European travelers looking for the new summer vacation spot are already on to it, so it won't be long before Montenegro loses its status as one of Europe's best-kept secrets. One of the world's youngest countries, it finally reached statehood less than 18 months ago but it isn't wasting any time in establishing itself as an attractive destination for those seeking sun, Adriatic beaches, historic towns, low prices and friendly locals. Did I mention low prices? Yes, even in Europe, the U.S. dollar can command a little respect, but not for long as up-market resorts and five star hotels move in.

Actually visiting the coastline of Montenegro is not a new thing -- it has long been a fashionable locale for celebrities and royalty, trying to escape the paparazzi and crowds of the French or Italian rivieras, especially when it was the former Yugoslavia. But traveling here became less socially acceptable when Montenegro was part of Serbia, following the Balkans war, and has only recently fallen back into favor.

Budva is the Montenegro equivalent of St. Tropez, frequented by actors, models and those seeking some of the glamour of that lifestyle without the price tag. Originally settled by the Venetians, its fortified port and quaint historic architecture creates a charming backdrop for bars, nightclubs, bistros and white sandy beaches. Less than 60 miles from Dubrovnik, it is also one of the most popular resort towns in the country, with several smaller beach towns located to its north and south.

In terms of accommodation, there are several hotels offering rooms and studios, or you can rent private villas or apartments. The four-star Hotel Sajo ( tel. +382/86-460-243; is a modern four-star hotel that may lack historic charm but it is a well-priced option located a two minute walk from the beach and a 20-minute walk from the city center. Rooms here are priced from $61 per person per night including breakfast and an additional $15 for either lunch or dinner. In peak season (from July 11 to August 25) the rate is $90 per person per night in a double room

The five-star boutique Hotel Astoria (tel. +382/86-451-110; is located in the heart of the old city and is a beautiful medieval building with captivating views of the harbor and city walls. The slick interior is more reminiscent of a Western European capital than a Balkan beach town, with impeccably designed double rooms starting from $178 per night or $237 in peak season.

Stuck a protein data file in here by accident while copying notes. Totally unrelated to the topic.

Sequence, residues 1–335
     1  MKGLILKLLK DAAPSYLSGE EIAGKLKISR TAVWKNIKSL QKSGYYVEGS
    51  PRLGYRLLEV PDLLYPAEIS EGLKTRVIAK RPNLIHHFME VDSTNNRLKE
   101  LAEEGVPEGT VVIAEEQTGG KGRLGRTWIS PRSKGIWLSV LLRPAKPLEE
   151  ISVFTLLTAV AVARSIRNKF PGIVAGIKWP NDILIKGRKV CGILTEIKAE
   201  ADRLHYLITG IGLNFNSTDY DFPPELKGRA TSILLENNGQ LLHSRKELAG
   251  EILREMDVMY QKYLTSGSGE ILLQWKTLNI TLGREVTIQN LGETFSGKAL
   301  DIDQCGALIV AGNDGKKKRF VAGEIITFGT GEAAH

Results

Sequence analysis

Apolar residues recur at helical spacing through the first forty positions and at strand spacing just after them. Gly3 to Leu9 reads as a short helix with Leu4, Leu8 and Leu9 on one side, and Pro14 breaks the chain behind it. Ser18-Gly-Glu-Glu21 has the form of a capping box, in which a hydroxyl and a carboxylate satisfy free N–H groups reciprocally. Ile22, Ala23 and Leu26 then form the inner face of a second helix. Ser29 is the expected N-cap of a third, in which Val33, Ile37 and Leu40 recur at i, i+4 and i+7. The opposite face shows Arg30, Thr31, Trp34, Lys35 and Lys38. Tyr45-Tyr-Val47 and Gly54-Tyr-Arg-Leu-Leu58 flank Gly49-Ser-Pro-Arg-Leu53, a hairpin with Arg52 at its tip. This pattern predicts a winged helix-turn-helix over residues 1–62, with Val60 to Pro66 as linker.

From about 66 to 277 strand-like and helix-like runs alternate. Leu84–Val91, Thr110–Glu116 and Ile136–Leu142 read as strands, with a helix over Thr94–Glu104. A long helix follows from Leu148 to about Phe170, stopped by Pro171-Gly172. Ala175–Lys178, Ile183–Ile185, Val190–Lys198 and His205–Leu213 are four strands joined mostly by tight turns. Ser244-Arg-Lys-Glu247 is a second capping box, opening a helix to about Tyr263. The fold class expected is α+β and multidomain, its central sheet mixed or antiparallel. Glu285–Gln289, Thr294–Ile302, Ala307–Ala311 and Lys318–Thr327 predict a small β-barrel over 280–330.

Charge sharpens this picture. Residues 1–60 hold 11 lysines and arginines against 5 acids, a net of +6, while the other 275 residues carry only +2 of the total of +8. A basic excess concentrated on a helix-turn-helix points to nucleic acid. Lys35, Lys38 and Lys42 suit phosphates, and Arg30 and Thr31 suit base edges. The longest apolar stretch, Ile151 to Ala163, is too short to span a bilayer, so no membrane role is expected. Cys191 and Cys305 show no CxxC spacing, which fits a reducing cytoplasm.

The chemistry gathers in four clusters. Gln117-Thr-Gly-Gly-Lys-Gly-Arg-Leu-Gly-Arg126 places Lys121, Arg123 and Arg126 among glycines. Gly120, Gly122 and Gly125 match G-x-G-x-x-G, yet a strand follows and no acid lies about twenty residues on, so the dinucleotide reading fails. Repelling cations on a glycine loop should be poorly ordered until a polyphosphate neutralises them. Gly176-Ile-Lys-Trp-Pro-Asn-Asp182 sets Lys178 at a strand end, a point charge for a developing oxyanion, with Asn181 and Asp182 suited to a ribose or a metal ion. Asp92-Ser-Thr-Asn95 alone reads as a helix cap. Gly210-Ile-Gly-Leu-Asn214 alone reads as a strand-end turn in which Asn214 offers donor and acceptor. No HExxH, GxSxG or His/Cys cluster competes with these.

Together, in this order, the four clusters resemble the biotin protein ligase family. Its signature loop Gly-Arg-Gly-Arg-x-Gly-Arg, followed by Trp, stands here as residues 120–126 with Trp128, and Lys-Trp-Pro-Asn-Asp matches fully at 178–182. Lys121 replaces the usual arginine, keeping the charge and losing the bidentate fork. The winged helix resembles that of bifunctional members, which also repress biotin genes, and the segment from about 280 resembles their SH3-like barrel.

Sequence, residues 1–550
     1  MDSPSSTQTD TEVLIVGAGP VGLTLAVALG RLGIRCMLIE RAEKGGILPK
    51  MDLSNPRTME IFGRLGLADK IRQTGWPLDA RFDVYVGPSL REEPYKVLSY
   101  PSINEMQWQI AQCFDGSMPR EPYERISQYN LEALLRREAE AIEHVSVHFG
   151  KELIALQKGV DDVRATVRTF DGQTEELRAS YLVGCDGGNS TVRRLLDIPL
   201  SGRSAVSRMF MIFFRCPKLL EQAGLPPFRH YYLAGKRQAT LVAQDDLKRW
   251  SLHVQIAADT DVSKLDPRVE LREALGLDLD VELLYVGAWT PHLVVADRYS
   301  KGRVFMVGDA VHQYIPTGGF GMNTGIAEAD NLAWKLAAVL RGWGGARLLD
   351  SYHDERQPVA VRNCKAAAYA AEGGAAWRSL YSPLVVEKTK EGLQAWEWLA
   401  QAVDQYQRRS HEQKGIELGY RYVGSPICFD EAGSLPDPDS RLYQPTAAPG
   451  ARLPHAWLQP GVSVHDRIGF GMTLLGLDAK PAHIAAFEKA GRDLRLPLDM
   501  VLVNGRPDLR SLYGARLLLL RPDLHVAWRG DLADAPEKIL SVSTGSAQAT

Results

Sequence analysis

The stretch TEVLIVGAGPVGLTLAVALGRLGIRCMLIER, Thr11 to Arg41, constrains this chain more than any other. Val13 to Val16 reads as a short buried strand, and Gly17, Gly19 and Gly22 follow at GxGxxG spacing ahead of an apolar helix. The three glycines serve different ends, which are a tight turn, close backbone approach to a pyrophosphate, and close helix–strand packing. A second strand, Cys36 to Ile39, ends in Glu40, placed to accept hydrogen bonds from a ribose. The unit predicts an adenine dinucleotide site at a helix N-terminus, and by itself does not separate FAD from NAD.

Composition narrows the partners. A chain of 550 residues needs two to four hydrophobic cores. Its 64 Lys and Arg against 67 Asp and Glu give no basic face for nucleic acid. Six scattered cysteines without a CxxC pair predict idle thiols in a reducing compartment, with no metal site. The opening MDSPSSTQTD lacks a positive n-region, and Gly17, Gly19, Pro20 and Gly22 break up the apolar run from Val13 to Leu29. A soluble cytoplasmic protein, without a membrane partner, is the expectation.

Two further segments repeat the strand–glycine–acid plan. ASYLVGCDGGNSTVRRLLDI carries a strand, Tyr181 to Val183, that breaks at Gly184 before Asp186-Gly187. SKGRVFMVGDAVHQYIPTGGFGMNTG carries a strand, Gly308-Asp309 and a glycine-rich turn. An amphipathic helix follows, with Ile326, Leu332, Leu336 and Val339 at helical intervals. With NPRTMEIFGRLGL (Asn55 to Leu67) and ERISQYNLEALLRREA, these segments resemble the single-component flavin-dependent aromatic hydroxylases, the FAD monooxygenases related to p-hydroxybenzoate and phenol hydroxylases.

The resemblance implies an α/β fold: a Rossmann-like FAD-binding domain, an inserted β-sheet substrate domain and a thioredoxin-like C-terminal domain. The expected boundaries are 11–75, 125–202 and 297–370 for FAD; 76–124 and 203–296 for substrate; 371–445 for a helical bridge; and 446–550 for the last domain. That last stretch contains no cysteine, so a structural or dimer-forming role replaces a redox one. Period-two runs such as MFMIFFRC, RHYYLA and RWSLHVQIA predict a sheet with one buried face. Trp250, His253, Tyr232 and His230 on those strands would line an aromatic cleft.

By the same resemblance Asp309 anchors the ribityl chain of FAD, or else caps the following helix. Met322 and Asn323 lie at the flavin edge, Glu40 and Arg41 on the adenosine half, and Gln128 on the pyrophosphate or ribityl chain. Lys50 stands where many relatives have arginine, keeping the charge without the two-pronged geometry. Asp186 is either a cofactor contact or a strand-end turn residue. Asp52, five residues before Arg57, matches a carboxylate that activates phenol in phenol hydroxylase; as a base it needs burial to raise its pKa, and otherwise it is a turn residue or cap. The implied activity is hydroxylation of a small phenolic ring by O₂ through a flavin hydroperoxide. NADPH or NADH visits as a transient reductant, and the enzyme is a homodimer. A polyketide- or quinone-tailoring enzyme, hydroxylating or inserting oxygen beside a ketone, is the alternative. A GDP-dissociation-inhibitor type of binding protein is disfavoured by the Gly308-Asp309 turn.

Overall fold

Just outside Budva (less than two miles from the city center), lies Becici beach, considered one of the most beautiful stretches of sand in the region. Becici's Queen of Montenegro Hotel (tel. +382/86-662-662; is a large modern beachfront property with accommodation priced from $82 per person per night in low season and $119 in high season. Rates include breakfast daily. Hotel Mediteran (tel. +382/86-424-382; has its own stretch of private beach in Becici plus a spa and wellness center. Prices here range from $68 to $125 per person per night including breakfast. The four-star Hotel Montenegro ( in Becici is one of three properties owned by the Montenegro Star Hotel Group. Rates at this beachfront resort range from $80 to $140 per person per night including breakfast.

Prices of accommodation seem to go down the further you get from Budva itself. The Hotel W Grand (tel. +382/86-461-703; is located in the ancient Roman town of Petrovac, home to a medieval fortress and pristine and slightly less crowded beaches surrounded by hills. It is approximately ten miles from Budva and rates here, in quite attractive minimalist rooms, range from $36 to $62 per person per night including breakfast. Adding on a dinner (on a half-board basis) often adds less than $10 to your nightly stay. Although not beach front, it is only a short walk to the shore and the terraces afford prime views of the Adriatic.

The most iconic landmark in Montenegro, and the one that graces guide books, computer wallpaper and travel brochures is the rocky outcrop island of Sveti Stefan, once a 15th century fishing village four miles from Budva, converted into an exclusive hotel in the 1960s, and connected to the mainland by a narrow isthmus. In its heyday, it hosted a who's who of celebrities in its heyday, but is currently in the throes of being totally overhauled and redesigned by the Aman Resort Group. It is expected to reopen in the spring of 2008 but be prepared to pay Aman-style prices for an opportunity to stay in what will be the country's most expensive and elite hotel.

Getting to Montenegro you have a choice between flying in to the capital, Podgorica, or the city of Tivat from another European city (like Rome -- one hour flying time) or alternatively flying through Dubrovnik in Croatia and crossing the border by car or bus. You can also catch a ferry ( across the Adriatic from Italy (either Ancona in the north or Bari in the south) to the port of Bar on a journey that can take as little as seven hours or as long as 16 hours. Overnight ferry cabin rates start from $68 per person.

For more information about traveling in Montenegro, visit the National Tourist Organisation of Montenegro website (

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